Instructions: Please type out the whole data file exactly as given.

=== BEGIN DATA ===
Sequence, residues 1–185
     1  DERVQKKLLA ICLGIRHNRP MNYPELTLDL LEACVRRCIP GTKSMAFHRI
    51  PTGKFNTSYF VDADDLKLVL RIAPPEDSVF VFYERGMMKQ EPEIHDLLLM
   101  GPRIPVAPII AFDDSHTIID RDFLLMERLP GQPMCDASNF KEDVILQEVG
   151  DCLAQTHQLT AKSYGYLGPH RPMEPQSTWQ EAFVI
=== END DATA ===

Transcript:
Sequence, residues 1–185
     1  DERVQKKLLA ICLGIRHNRP MNYPELTLDL LEACVRRCIP GTKSMAFHRI
    51  PTGKFNTSYF VDADDLKLVL RIAPPEDSVF VFYERGMMKQ EPEIHDLLLM
   101  GPRIPVAPII AFDDSHTIID RDFLLMERLP GQPMCDASNF KEDVILQEVG
   151  DCLAQTHQLT AKSYGYLGPH RPMEPQSTWQ EAFVI